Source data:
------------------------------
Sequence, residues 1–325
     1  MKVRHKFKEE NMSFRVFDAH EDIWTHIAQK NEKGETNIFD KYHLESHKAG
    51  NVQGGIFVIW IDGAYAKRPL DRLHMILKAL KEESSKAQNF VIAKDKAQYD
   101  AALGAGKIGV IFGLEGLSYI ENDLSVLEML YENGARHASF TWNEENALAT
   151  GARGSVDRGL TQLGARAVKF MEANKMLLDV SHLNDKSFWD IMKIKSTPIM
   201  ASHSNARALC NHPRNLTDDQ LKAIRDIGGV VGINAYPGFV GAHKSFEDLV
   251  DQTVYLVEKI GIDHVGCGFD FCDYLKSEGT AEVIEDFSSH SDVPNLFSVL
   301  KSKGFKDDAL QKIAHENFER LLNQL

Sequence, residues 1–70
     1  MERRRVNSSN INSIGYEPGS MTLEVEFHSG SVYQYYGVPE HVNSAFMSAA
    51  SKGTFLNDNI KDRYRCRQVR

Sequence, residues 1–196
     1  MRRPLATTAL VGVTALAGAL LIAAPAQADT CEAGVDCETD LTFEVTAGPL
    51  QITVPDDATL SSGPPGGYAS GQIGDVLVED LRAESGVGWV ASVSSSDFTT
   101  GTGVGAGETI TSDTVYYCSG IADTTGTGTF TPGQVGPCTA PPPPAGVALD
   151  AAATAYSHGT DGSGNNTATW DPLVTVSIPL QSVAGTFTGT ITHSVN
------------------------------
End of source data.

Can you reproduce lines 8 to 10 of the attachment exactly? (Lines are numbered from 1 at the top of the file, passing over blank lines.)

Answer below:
   301  KSKGFKDDAL QKIAHENFER LLNQL

Sequence, residues 1–70
     1  MERRRVNSSN INSIGYEPGS MTLEVEFHSG SVYQYYGVPE HVNSAFMSAA